The principal findings in the Third Assessment Report (TAR) (IPCC, 2001) were as follows.
• In most of Latin America, there are no clear long-term tendencies in mean surface temperature. Nevertheless, for some areas in the region, there are some clear warming (Amazonia, north-western South America) and, in a few cases, cooling (Chile) trends.
• Precipitation trends suggest an increase in precipitation for some regions of the mid-latitude Americas, a decrease for some central regions in Latin America, and no clear trends for others. For instance, the positive trends seen in northeastern Argentina, southern Brazil and north-western Mexico contrast with the negative trends observed in some parts of Central America (e.g., Nicaragua). Records suggest a positive trend for the past 200 years at higher elevations in north-western Argentina. In Amazonia, inter-decadal variability in the hydrological record (in both rainfall and streamflow) is more significant than any observed trend.
• El Nino-Southern Oscillation (ENSO) is the dominant mode of climate variability in Latin America and is the natural phenomenon with the largest socio-economic impacts.
• Glaciers in Latin America have receded dramatically in the past decades, and many of them have disappeared completely. The most affected sub-regions are the Peruvian Andes, southern Chile and Argentina up to latitude 25°S. Deglaciation may have contributed to observed negative trends in streamflows in that region.
• In Latin America many diseases are weather and climate-related through the outbreaks of vectors that develop in warm and humid environments, including malaria and dengue. Climate change could influence the frequency of outbreaks of these diseases by altering the variability associated with the main controlling phenomenon, i.e., El Niño (likely).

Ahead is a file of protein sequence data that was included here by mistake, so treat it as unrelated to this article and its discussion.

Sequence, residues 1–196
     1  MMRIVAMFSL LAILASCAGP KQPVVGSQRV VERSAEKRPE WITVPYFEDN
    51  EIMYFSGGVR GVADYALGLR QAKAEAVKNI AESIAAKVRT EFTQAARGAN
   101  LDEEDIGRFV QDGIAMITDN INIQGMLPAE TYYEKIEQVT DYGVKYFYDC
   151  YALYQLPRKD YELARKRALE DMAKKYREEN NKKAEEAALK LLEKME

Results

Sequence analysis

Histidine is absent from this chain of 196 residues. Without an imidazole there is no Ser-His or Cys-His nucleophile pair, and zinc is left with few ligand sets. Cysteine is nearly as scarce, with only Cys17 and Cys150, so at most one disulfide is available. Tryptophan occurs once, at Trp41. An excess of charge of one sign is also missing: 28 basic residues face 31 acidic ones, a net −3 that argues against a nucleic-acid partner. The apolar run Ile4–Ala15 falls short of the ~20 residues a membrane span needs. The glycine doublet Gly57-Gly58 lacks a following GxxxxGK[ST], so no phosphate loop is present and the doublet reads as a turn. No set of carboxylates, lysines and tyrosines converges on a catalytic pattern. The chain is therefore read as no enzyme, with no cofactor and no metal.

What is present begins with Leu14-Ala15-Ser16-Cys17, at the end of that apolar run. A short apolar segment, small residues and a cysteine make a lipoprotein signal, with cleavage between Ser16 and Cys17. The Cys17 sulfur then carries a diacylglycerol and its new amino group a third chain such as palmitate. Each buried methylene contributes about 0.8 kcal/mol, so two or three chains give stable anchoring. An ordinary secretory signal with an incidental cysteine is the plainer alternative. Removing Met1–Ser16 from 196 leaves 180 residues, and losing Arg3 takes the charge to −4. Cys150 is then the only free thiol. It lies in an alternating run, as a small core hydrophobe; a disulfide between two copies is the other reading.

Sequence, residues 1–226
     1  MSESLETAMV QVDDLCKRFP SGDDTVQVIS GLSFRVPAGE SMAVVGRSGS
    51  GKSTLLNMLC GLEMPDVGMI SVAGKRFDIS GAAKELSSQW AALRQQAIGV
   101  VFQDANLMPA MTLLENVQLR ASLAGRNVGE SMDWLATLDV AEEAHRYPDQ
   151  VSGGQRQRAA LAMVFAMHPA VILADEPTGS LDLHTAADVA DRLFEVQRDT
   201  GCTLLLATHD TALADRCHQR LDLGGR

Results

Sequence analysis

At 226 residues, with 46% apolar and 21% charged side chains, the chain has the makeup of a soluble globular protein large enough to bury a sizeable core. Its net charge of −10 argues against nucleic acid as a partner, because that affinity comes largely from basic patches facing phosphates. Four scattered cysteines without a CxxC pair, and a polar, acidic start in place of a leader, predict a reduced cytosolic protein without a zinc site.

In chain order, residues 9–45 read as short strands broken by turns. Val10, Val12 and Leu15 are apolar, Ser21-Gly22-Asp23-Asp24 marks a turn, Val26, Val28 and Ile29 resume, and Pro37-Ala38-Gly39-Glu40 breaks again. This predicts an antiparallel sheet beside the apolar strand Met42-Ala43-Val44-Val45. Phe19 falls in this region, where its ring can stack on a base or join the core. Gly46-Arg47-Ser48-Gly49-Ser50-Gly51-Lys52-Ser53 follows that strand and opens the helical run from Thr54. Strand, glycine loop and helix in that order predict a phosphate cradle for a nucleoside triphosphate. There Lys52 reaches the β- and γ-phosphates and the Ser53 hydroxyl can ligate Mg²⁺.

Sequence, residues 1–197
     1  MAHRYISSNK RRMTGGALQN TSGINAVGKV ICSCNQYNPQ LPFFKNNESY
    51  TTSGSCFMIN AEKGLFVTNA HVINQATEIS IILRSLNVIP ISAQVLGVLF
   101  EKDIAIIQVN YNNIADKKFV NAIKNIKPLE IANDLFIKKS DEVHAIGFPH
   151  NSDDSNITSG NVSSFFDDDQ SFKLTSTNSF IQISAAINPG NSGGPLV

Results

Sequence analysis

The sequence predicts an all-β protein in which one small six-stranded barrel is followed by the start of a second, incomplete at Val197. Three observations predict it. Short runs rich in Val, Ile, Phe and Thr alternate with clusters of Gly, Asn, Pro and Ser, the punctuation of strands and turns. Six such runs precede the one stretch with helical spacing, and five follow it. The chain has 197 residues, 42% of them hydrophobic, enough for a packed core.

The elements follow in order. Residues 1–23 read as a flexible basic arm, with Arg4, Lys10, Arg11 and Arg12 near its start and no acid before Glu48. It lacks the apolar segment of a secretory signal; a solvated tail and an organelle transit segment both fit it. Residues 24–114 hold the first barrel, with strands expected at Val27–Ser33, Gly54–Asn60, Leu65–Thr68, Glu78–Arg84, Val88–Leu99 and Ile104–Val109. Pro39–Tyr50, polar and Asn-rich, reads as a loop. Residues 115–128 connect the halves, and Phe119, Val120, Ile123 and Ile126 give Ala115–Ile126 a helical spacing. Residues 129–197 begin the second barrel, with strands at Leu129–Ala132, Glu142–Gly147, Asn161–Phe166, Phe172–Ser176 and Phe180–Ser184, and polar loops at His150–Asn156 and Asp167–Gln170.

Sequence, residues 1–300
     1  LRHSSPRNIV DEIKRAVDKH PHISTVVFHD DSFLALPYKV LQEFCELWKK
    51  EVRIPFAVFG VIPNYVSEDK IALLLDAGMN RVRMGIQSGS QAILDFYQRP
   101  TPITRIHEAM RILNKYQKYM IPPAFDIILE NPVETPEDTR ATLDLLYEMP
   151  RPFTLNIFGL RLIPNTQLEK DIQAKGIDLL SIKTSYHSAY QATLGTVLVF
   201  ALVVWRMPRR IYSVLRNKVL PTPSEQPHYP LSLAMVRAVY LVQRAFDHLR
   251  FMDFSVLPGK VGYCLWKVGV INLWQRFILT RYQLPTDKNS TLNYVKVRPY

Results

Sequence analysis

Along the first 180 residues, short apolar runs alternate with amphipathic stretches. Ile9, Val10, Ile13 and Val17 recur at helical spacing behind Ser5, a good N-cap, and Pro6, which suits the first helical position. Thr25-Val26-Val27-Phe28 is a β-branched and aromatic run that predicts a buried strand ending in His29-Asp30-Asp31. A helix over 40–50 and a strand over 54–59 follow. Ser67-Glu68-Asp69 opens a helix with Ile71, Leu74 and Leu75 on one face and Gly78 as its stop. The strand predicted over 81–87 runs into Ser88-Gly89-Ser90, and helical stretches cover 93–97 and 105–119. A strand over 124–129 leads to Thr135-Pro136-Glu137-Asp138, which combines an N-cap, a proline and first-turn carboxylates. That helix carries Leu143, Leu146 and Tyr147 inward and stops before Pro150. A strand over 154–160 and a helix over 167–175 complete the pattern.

• Agriculture in Latin America is a very important economic activity representing about 10% of the gross domestic product (GDP) of the region. Studies in Argentina, Brazil, Chile, Mexico and Uruguay based on General Circulation Models (GCMs) and crop models project decreased yields for numerous crops (e.g., maize, wheat, barley, grapes) even when the direct effects of CO2-fertilisation and implementation of moderate adaptation measures at the farm level are considered.
• Assessments of the potential impacts of climate change on natural ecosystems indicate that neotropical seasonally dry forest should be considered severely threatened in Mesoamerica. Global warming could expand the area suitable for tropical forests in South America southwards, but current land use makes it unlikely that tropical forests will be permitted to occupy these new areas. On the other hand, large portions of the Amazonian forests could be replaced by tropical savannas due to land-use change and climate change.
• Sea-level rise will affect mangrove ecosystems, damaging the region's fisheries. Coastal inundation and erosion resulting from sea-level rise in combination with riverine and flatland flooding would affect water quality and availability. Sea-water intrusion would exacerbate socio-economic and health problems in these areas.
• The adaptive capacity of human systems in Latin America is low, particularly to extreme climate events, and vulnerability is high. Adaptation measures have the potential to reduce climate-related losses in agriculture and forestry but less ability to do so for biological diversity.
Was this article helpful?